Decades of privatisation and its rhetoric have left us with a community that struggles to conceptualise its real collectivity.
It is correct to point out that the role of geographical community has been significantly weakened in the three decades of market fundamentalism. The last of the great working-class struggles, the miners strike 1984-85, grew out of an identification with community. Those communities are now fractured.
I will list here without comment what I regard as the major reasons for the diminution of geographical community in the age of market fundamentalism:
1. Geographical mobility (people moving from one location to another with little commitment to where they live)
2. Economic inequality (financial segregation of the working class with minimal shared existence.)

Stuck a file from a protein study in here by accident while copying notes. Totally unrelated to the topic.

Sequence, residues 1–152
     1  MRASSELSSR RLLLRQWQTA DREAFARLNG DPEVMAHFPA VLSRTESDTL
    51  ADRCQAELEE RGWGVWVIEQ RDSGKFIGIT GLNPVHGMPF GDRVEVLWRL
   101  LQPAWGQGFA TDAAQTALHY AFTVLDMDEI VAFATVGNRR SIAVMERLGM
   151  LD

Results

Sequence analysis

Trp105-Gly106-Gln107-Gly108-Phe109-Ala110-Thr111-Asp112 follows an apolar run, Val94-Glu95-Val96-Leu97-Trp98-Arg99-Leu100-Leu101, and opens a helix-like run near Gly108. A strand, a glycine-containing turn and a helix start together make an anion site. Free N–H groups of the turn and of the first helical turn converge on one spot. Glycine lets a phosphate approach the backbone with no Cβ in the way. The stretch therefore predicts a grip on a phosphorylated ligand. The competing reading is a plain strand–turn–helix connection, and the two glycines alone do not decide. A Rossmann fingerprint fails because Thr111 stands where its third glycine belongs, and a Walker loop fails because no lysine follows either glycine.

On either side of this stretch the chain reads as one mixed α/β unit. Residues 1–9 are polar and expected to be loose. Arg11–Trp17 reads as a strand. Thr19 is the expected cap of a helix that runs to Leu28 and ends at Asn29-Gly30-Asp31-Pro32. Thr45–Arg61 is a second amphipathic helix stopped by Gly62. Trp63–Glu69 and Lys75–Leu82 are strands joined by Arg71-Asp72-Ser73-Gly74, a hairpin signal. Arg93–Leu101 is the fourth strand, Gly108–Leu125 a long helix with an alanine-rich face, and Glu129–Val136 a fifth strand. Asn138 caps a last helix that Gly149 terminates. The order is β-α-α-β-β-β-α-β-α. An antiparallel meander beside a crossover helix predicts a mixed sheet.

3. Stress through insecurity (flexible insecure work, with little time left to devote to the clubs and societies that comprise community.)
4. Altered consumer consumption patterns (from the public market to the private shopping mall, where trespass laws prevent any non-authorised meeting)
5. Break-down in family structures (Isolated individuals spending more time with self-maintenance than reaching out to others in the community)
6. De-homogenisation of culture (Immigration can enrich a local community, but it can also divide it)
New Labour in government (1997-2010) in its spin recognised the loss of community by creating the post of community secretary in the government. The main thrust, though, was to try to re-invent artificial, illiberal and undemocratic religious “communities” by co-opting right-wing clerics. Segregated education became the main tool of bringing this about. Of course, all this served to further break up secular geographical communities (e.g. the loss of local comprehensive school)